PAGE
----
Which is the best city in Britain to start a business, do you think? Is it London, with its silicon roundabout and global market? Up-and-coming and affordable Manchester, at the heart of the northern powerhouse? Aberdeen, because, well, everybody’s rich?
Maybe. But one of the most plausible candidates is also one of the more unlikely. Northampton, a relatively small city in the midlands, has taken to calling itself “The most enterprising place in Britain to do business”.
Obviously a lot of cities like to talk themselves up as great places to live or work. Look at the numbers, though, and it turns out Northampton might actually have a point.
This chart shows the top 10 cities for new business start ups back in 2007. The figures aren’t absolute, but per 10,000 people.
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Generally this is a pretty familiar list for anyone who spends too much time thinking about the British economy. London, Milton Keynes, Reading, Cambridge, are all southern boom towns. Aberdeen has oil. Aldershot has a big army base. Warrington is one of the north’s bigger business hubs. There aren’t really any surprises here.
Now look at the top 10 in 2013:
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A lot of those places are still there, but there are some new entries, too. Manchester’s boom, it turns out, isn’t just something ministers like to talk about to annoy Liverpool and Birmingham, but has its basis in actual new business figures. A pair of London commuter towns, Southend and Crawley, have popped into the list; perhaps that’s a sign that being within London’s orbit, without its costs, is an increasingly attractive proposition to businesses.
And then there’s Northampton. Which has appeared from nowhere to overtake everywhere except Milton Keynes and the capital. In six years, it’s jumped from 17th to 3rd in this ranking.
How has it done this? Part of it is probably geography. Northampton is within an hour of both London and Birmingham, which no doubt helps. It’s on the main road and rail routes to points north. Effectively, if not literally, it’s in the middle of the country, which no doubt works in its favour.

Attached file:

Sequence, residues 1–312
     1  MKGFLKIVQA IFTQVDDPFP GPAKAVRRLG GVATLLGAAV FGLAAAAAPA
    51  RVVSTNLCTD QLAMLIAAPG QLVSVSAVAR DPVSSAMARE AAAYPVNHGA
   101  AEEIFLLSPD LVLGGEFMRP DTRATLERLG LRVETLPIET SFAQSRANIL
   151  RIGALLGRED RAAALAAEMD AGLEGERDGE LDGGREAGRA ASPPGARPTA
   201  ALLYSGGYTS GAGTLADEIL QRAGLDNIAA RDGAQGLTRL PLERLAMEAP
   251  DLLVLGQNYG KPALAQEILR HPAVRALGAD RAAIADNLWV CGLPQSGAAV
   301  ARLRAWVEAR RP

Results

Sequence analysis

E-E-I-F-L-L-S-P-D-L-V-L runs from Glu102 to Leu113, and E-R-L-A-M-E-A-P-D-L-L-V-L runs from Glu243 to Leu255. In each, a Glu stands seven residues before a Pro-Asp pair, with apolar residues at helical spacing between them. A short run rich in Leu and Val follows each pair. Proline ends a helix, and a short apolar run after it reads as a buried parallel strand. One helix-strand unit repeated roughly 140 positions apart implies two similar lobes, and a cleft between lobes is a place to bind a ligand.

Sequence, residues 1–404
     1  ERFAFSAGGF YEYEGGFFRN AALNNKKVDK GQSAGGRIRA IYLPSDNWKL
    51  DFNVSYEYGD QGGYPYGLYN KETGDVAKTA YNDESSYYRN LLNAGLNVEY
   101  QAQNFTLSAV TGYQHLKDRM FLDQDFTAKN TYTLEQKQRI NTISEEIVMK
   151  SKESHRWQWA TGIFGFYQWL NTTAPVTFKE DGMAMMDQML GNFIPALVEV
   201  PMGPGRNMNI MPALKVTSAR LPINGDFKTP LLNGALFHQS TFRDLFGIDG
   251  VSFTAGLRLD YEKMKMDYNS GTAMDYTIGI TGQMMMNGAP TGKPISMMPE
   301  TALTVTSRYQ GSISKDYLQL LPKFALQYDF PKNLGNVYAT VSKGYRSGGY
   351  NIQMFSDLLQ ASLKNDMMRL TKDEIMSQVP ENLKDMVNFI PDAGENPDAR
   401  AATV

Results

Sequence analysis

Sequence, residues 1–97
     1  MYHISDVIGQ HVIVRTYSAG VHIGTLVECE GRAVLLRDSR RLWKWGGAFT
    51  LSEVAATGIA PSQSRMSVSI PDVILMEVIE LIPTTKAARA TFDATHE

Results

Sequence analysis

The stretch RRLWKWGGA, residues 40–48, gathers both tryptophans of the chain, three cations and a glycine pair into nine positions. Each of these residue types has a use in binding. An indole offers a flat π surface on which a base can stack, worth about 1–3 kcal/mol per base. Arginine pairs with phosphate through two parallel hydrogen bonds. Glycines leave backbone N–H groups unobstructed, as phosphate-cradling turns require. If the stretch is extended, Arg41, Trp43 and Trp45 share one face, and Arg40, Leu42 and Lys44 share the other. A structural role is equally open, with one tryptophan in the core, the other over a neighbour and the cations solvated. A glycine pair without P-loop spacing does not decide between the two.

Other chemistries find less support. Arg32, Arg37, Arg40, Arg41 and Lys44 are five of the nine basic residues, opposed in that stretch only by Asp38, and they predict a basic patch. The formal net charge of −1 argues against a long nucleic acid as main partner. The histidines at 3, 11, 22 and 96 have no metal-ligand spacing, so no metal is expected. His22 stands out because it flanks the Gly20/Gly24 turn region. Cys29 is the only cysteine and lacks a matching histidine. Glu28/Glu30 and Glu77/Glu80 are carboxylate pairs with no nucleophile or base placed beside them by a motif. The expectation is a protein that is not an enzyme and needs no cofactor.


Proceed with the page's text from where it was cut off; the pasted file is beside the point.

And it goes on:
Btu there’s more to it than that. That “most enterprising place” slogan isn’t just words. Here’s how the city justifies it:
Why? Because of Northamptonshire’s approach to supporting local companies. Support includes rent-free properties and rate rebates to enable the creation of new jobs and apprenticeships, a £5.8 million Growing Places Fund to unlock infrastructure constraints, and expert one-to-one support when you need it.
In other words, Northampton has implemented a programme of actively supporting local businesses. It offers £1,000 grants to local start ups and rebates of up to £20,000 on businesses rates. It’s also, incidentally, been sticking posters all over the tube, telling Londoners how cheap housing in the Northamptonshire (“North Londonshire”) is.
All this seems to have paid off. This chart shows percentage increase in the number of start ups per head between 2007 and 2013. Once again, we’ve only included the top 10.
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Northampton is up nearly 59 per cent in just six years. More, by far, than any other city.
More start ups doesn’t necessarily translate into “more viable businesses” of course – these numbers don’t show how many companies there are folding, moving, or remaining tiny. And it’s hardly a surprise that if you give people £1,000 to start a business, more businesses will get started.
But nonetheless, more start ups, over time, should translate to more viable companies. These numbers suggest that Northampton is doing something right.
That said, there may be other places worth watching – as well as the more predictable names, Leicester, Cardiff and Luton all make appearances in this list. Perhaps these are the Northamptons of the future.
No? Suit yourself.
Here’s, just for the sake of completism, is an interactive map showing how many start-ups per capital launched in every major British city in 2013. Enjoy.
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